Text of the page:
Chris Evert’s open letter to Serena in the May issue of Tennis Magazine:
I’ve been thinking about your career, and something is troubling me. I appreciate that becoming a well-rounded person is important to you, as you’ve made that desire very clear. Still, a question lingers—do you ever consider your place in history? Is it something you care about? In the short term you may be happy with the various things going on in your life, but I wonder whether 20 years from now you might reflect on your career and regret not putting 100 percent of yourself into tennis. Because whether you want to admit it or not, these distractions are tarnishing your legacy.
Just a couple of years ago, when you were fully committed to the game, you showed the athleticism, shot-making, and competitive desire to become the greatest player ever. Many besides myself shared the same sentiment. You won five of the six Grand Slams you entered over the 2002 and 2003 seasons and looked utterly dominant in the process. Then you got sidetracked with injuries, pet projects, and indifference and have won only one major in the last seven you’ve played. I find those results hard to fathom. You’re simply too good not to be winning two Grand Slam titles a year. You’re still only 24, well within your prime. These are crucial years that you’ll never get back. Why not dedicate yourself entirely for the next five years and see what you can achieve?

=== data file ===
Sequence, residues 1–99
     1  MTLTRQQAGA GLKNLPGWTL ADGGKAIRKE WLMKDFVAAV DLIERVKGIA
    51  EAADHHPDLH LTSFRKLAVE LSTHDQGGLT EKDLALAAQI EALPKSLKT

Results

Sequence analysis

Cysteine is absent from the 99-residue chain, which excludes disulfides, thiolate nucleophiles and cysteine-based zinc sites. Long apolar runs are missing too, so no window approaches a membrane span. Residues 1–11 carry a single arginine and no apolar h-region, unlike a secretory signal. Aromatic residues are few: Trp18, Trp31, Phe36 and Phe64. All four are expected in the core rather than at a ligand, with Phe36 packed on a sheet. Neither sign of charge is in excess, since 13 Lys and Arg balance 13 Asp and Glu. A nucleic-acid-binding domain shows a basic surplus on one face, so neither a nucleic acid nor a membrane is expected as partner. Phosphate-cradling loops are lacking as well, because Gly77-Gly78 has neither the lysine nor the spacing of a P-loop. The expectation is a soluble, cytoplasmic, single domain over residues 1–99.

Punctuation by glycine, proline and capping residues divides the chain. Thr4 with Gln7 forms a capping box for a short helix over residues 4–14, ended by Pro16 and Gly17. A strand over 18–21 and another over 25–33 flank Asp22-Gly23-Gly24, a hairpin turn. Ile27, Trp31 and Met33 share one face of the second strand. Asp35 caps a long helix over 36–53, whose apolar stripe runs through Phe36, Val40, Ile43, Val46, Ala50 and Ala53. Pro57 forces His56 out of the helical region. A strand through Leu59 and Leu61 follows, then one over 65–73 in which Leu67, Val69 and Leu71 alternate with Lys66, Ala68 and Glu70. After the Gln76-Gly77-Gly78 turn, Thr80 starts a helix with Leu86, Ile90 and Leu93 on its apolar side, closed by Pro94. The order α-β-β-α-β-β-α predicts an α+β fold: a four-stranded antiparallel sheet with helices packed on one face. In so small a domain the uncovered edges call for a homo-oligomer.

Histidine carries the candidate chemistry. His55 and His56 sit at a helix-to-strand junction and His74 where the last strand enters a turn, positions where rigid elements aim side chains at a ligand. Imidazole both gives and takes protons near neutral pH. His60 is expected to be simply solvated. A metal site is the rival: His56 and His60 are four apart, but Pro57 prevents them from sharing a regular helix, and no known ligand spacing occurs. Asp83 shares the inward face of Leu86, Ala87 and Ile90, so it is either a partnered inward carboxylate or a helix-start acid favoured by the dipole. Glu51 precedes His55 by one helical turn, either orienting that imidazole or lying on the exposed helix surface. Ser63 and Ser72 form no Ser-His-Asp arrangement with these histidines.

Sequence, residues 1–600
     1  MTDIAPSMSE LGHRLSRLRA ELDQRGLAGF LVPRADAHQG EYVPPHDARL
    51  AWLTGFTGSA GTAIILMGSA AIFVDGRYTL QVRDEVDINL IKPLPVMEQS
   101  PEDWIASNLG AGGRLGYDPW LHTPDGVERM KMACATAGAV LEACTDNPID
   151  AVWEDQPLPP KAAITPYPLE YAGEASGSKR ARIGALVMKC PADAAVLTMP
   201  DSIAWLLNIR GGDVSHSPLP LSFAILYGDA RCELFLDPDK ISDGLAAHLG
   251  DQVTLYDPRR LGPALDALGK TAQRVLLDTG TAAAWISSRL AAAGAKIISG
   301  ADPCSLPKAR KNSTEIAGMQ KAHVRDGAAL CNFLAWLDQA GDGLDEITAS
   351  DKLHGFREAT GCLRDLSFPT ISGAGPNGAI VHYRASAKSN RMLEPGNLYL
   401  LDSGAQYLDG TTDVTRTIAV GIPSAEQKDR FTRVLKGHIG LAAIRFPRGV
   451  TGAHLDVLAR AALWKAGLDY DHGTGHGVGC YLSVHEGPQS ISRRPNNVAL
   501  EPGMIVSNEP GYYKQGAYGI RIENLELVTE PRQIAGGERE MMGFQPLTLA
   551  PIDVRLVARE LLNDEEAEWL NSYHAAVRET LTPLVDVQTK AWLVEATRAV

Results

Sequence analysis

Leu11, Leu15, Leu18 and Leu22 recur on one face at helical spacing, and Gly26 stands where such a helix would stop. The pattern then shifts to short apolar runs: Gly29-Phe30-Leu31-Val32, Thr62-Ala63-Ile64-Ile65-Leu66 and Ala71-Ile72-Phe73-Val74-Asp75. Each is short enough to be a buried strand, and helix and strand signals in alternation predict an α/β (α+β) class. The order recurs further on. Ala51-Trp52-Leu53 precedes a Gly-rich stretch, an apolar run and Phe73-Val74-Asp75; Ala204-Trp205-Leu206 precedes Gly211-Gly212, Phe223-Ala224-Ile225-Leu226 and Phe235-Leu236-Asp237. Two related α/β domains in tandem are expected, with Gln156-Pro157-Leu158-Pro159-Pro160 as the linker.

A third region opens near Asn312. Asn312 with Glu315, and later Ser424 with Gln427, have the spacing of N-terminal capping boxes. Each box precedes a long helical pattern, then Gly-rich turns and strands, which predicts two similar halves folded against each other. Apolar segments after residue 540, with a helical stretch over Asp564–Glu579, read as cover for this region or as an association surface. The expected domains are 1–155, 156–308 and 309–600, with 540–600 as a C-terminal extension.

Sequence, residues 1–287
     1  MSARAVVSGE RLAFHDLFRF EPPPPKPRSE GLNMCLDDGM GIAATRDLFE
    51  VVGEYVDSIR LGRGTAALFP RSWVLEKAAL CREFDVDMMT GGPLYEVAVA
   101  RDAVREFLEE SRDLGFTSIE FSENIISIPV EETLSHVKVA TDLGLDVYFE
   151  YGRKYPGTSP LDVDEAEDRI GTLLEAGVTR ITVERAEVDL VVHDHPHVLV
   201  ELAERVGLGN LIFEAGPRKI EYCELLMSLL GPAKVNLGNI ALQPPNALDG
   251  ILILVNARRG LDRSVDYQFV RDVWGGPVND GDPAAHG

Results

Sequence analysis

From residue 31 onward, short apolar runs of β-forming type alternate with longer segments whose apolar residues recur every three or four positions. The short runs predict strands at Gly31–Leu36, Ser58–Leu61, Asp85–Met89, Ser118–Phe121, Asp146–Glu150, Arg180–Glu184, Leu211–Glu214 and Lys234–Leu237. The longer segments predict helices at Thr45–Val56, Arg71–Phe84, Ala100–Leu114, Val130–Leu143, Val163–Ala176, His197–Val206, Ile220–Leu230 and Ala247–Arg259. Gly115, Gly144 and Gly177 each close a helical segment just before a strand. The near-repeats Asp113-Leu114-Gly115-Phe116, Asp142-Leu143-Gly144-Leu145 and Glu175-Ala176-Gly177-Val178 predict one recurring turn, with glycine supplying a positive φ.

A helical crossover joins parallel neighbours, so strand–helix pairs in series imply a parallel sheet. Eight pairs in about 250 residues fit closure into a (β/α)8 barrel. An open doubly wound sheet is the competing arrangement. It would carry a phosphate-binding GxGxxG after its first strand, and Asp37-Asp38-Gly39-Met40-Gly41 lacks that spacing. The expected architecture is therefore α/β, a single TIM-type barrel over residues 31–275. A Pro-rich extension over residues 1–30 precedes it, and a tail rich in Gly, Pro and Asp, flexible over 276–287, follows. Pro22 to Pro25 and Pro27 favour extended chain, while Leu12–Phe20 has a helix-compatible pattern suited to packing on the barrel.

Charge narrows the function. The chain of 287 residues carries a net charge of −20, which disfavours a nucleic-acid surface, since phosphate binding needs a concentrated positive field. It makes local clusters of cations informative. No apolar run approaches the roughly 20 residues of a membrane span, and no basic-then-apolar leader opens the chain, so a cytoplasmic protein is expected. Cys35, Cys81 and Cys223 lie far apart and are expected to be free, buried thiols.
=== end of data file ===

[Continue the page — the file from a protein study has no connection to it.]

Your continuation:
Perhaps the reason I feel so strongly about this is because I wasn’t blessed with the physical gifts you possess. I know that the lifespan of an athlete’s greatness is brief and should be exploited. Once you get to No. 1 in the world and start winning major titles, you should see how far you can take it. You’ve become very good at many things, but how many people would trade that to be great at just one thing? I don’t see how acting and designing clothes can compare with the pride of being the best tennis player in the world. Your other accomplishments just can’t measure up to what you can do with a racquet in your hand.
Ironically, I believe that if you fulfill your potential on the tennis court, all your other endeavors will become that much easier to pursue. You could become the most famous athlete in the world. Every magazine will want you on its cover and any door you wish to walk through will be wide open. When I was playing, I always knew there would be time to get married, have children, do TV commentating, and even coach if I wanted. I assure you there will be time for you to chase all your dreams once you’re through with tennis.
I offer this only as advice, not criticism, from someone with experience. If you’re completely happy with the way your life is, then crumple up this letter and throw it away. I wish you nothing but luck and success in all your pursuits. Just remember that you have in front of you an opportunity of the rarest kind—to become the greatest ever at something.
I hope you make the most of it.